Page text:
The number of Canadians who travelled abroad for non-emergency medical treatment dropped slightly last year, according to a new report from a think tank whose past research Donald Trump’s campaign cited to support his debate-night claim that when Canadians need “a big operation,” they often head for the United States to avoid long waits at home.
The Fraser Institute’s latest report, released Wednesday, found that an estimated 45,619 Canadians left the country for elective medical care in 2015, down about 13 per cent from 52,513 in 2014.
That works out to about 1 per cent of all Canadian patients receiving non-emergency care outside of Canada’s borders last year, a minor decrease from an estimate of 1.1 per cent the year before.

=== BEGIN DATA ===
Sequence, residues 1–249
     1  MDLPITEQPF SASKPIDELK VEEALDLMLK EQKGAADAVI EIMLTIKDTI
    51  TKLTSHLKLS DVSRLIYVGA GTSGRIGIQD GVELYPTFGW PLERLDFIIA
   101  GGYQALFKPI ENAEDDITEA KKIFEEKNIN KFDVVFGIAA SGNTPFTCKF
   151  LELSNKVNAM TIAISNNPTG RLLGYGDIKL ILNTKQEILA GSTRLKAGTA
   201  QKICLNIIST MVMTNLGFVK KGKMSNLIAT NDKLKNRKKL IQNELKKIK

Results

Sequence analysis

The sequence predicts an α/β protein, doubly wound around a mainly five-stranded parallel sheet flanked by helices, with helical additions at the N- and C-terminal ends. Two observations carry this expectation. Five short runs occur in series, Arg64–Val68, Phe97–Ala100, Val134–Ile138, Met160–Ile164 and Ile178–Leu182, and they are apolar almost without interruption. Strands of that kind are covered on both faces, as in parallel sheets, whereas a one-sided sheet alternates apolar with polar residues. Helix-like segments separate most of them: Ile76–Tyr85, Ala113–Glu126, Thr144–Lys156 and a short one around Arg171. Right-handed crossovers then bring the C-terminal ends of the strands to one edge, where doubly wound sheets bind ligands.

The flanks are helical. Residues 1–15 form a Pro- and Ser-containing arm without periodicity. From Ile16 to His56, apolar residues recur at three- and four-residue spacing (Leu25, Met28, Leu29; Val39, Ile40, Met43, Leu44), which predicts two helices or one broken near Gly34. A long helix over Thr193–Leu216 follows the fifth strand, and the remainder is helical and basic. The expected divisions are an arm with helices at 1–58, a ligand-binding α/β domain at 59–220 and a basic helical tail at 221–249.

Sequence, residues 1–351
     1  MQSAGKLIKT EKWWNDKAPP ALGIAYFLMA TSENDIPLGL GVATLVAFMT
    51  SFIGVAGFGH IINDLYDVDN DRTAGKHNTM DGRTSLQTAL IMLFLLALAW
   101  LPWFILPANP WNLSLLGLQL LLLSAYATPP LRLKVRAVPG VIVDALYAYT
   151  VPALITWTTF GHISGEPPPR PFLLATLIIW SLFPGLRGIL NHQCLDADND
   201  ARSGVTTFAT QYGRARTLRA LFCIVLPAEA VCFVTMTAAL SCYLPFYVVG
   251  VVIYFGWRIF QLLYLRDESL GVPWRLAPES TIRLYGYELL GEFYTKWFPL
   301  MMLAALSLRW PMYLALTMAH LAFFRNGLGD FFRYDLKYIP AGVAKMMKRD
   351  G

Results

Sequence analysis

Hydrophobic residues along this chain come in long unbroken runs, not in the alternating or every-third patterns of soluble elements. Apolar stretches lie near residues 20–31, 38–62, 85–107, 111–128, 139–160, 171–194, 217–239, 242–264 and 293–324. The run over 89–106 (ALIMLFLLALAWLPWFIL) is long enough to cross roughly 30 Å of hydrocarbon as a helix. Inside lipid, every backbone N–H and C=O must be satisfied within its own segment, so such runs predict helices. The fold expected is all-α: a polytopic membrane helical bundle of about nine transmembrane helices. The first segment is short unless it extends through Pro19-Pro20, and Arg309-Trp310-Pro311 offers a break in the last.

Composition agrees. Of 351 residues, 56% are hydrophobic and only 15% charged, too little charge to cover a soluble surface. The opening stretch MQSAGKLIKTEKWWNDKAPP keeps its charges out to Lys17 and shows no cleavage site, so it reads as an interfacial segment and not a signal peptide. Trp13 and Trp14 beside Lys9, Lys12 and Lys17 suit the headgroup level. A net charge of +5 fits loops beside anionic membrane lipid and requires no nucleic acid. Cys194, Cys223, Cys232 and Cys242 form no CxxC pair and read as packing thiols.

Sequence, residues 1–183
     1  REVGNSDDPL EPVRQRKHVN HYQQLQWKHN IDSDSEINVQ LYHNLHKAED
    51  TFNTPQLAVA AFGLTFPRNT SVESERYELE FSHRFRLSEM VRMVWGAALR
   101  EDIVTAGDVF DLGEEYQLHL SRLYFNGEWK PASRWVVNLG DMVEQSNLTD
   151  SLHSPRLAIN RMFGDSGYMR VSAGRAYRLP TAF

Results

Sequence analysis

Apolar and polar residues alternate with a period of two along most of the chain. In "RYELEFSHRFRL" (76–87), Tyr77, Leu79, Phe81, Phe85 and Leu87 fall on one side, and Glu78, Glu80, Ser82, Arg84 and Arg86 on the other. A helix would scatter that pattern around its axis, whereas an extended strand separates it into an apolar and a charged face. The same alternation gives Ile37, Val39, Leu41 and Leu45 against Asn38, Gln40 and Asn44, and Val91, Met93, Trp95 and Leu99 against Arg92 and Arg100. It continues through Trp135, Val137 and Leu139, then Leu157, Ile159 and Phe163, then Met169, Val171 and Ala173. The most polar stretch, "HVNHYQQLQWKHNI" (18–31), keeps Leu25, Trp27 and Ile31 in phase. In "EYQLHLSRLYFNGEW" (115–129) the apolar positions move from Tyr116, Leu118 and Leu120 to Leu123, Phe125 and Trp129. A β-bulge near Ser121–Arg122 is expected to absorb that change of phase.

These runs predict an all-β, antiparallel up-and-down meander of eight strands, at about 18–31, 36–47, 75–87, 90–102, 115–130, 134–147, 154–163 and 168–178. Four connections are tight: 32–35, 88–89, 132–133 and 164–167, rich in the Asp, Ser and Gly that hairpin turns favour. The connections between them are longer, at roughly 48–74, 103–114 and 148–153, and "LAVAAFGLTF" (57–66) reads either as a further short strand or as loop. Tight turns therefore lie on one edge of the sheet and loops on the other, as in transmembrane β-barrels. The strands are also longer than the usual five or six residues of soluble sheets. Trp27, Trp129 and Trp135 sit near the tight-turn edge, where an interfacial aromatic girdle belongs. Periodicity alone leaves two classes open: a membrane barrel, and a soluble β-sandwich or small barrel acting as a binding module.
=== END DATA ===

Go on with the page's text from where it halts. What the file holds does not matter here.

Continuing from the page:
The right-leaning institute’s new estimates come on the heels of Mr. Trump name-dropping Canadian health care in Sunday night’s presidential debate, and not in a positive way.
“And if you haven’t noticed the Canadians, when they need a big operation, when something happens, they come into the United States in many cases because their system is so slow,” Mr. Trump said. “It’s catastrophic in certain ways.”